When the current GMT900 SUVs hit the market in 2006, gas prices were already near $3.00 per gallon, but the super-sized transports sold in prodigious numbers anyway. The reasoning from the General and its customers was that there were still people with big boats or trailers to tow, and unibody CUVs just aren't up to the task. In the two years that followed, gas prices have gone from pesky to pandemic, and buyers are leaving their body-on-frame SUVs by the thousands.

The General isn't blind to the trend, and a report from Bloomberg says that GM may be ready to take the drastic step of separating the platforms of its trucks and full-size SUVs by 2012. The move is extreme because SUVs and trucks have saved development time and money by sharing a platform for many decades, but with such a dramatic shift away from the handy but fuel-thirsty rigs, GM has little choice but to think of alternatives. A unibody Tahoe or Escalade wouldn't be able to tow quite like its predecessor, but they would be lighter and have better fuel economy.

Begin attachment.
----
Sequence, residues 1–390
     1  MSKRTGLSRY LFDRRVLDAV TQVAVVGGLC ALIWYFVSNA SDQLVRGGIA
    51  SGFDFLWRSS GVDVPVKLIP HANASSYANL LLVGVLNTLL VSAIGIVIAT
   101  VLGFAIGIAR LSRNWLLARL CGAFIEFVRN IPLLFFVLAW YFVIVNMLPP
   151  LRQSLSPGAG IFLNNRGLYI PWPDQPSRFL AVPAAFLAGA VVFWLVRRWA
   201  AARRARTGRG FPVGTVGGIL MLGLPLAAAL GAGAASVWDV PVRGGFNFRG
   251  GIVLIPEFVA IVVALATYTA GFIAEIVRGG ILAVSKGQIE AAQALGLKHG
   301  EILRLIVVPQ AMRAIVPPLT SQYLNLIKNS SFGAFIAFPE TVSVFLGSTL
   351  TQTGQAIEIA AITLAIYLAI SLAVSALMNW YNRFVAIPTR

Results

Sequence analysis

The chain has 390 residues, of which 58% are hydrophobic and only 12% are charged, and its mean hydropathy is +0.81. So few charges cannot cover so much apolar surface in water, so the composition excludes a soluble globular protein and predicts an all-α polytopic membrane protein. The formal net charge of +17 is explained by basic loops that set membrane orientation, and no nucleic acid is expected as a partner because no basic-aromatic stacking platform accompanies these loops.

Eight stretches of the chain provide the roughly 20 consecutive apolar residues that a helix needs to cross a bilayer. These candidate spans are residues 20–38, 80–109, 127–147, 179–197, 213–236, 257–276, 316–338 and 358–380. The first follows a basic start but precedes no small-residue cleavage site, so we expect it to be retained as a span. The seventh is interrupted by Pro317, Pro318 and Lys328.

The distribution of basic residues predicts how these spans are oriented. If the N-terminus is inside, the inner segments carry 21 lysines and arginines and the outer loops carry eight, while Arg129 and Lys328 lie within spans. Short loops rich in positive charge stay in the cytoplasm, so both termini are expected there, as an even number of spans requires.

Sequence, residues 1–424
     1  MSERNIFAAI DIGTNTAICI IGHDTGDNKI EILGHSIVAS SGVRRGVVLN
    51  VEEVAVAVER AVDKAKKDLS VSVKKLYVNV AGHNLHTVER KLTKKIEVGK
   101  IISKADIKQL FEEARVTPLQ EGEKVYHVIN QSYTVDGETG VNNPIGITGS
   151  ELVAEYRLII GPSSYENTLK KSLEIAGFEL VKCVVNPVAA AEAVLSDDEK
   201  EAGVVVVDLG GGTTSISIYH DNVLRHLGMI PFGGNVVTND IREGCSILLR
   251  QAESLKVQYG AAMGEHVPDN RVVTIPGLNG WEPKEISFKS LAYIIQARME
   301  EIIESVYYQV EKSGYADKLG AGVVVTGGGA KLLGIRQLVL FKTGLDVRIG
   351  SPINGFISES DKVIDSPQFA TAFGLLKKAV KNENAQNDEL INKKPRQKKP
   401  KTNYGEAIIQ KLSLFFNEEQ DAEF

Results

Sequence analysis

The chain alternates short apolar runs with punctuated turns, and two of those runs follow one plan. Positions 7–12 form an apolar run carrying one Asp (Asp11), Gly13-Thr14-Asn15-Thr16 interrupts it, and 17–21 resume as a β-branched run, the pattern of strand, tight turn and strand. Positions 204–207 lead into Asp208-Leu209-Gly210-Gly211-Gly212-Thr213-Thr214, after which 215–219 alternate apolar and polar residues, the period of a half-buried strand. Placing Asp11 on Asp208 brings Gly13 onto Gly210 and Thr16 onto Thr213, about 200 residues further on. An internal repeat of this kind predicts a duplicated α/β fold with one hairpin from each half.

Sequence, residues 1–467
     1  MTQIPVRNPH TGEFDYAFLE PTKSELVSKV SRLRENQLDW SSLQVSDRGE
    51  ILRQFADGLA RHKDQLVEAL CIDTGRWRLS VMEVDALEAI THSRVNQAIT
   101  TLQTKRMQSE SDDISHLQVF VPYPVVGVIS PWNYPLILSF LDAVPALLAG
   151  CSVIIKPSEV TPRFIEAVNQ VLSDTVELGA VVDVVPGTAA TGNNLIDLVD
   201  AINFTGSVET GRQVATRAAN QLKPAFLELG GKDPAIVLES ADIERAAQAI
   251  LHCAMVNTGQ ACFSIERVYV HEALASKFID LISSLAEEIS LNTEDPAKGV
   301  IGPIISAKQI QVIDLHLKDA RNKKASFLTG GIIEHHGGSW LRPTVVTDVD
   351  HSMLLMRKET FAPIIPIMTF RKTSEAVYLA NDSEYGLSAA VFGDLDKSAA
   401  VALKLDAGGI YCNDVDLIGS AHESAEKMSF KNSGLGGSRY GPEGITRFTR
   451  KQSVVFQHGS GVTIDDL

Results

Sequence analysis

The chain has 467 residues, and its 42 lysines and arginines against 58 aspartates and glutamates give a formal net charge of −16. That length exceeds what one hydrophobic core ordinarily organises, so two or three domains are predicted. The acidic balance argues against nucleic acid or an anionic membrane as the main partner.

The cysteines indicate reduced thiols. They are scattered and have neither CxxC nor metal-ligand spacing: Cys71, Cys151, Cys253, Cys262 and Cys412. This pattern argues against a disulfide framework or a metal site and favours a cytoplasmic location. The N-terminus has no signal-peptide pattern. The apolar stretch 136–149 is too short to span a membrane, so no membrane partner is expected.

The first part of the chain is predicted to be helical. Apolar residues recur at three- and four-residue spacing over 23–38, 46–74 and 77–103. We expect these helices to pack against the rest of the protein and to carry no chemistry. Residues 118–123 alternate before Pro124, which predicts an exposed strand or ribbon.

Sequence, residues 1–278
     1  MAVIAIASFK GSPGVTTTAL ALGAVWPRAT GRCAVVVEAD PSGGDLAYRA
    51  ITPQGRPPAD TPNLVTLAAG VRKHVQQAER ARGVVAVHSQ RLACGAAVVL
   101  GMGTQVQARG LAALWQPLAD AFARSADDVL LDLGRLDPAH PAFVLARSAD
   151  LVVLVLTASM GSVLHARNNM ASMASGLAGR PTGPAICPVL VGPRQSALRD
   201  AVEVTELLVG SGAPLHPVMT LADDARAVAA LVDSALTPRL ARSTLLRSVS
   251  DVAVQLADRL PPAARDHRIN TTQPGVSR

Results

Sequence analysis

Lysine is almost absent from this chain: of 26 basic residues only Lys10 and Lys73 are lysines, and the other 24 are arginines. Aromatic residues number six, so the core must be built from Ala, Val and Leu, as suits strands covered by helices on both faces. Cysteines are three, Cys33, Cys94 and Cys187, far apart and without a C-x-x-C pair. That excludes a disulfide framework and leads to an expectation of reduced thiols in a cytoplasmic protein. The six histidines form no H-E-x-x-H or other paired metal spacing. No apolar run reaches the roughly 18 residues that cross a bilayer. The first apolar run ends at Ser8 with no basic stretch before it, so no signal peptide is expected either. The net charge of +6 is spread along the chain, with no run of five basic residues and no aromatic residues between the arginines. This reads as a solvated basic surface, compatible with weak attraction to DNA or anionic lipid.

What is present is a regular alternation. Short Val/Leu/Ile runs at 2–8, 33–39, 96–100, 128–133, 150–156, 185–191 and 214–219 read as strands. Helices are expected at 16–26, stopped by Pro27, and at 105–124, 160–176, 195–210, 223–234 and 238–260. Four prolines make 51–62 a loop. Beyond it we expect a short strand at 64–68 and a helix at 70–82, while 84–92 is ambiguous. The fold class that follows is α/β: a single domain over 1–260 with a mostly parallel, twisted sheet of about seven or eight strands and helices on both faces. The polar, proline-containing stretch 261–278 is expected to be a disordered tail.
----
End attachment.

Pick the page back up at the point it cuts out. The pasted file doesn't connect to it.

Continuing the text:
Our first thought was that GM already has eight-passenger unibody CUVs like the Enclave, Acadia, Outlook and upcoming Traverse, but without more utilitarian SUVs like the Tahoe, there should be room for a more purpose-built CUV in the lineup. While this news isn't exactly earth-shattering, we're thinking it very accurately illustrates just how fast these times they are-a-changing, and how far automakers will go to stay viable. Thanks for the tip, Fro!

[Source: Bloomberg]

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